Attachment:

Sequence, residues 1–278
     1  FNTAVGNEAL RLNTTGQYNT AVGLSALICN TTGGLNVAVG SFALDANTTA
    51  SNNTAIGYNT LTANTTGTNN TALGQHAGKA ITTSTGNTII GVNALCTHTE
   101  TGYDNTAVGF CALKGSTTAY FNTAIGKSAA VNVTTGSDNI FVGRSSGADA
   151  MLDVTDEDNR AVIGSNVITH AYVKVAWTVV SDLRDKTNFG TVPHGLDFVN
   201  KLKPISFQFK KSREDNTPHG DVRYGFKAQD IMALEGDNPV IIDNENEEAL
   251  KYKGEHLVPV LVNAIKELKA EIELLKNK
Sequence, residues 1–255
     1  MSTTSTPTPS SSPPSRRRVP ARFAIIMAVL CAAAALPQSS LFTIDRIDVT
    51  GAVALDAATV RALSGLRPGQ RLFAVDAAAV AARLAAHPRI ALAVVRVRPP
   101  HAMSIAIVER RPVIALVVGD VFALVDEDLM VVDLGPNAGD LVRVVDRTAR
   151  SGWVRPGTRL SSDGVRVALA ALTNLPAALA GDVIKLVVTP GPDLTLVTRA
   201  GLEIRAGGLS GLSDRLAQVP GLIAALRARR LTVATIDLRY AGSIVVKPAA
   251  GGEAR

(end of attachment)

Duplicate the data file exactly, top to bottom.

Sequence, residues 1–278
     1  FNTAVGNEAL RLNTTGQYNT AVGLSALICN TTGGLNVAVG SFALDANTTA
    51  SNNTAIGYNT LTANTTGTNN TALGQHAGKA ITTSTGNTII GVNALCTHTE
   101  TGYDNTAVGF CALKGSTTAY FNTAIGKSAA VNVTTGSDNI FVGRSSGADA
   151  MLDVTDEDNR AVIGSNVITH AYVKVAWTVV SDLRDKTNFG TVPHGLDFVN
   201  KLKPISFQFK KSREDNTPHG DVRYGFKAQD IMALEGDNPV IIDNENEEAL
   251  KYKGEHLVPV LVNAIKELKA EIELLKNK
Sequence, residues 1–255
     1  MSTTSTPTPS SSPPSRRRVP ARFAIIMAVL CAAAALPQSS LFTIDRIDVT
    51  GAVALDAATV RALSGLRPGQ RLFAVDAAAV AARLAAHPRI ALAVVRVRPP
   101  HAMSIAIVER RPVIALVVGD VFALVDEDLM VVDLGPNAGD LVRVVDRTAR
   151  SGWVRPGTRL SSDGVRVALA ALTNLPAALA GDVIKLVVTP GPDLTLVTRA
   201  GLEIRAGGLS GLSDRLAQVP GLIAALRARR LTVATIDLRY AGSIVVKPAA
   251  GGEAR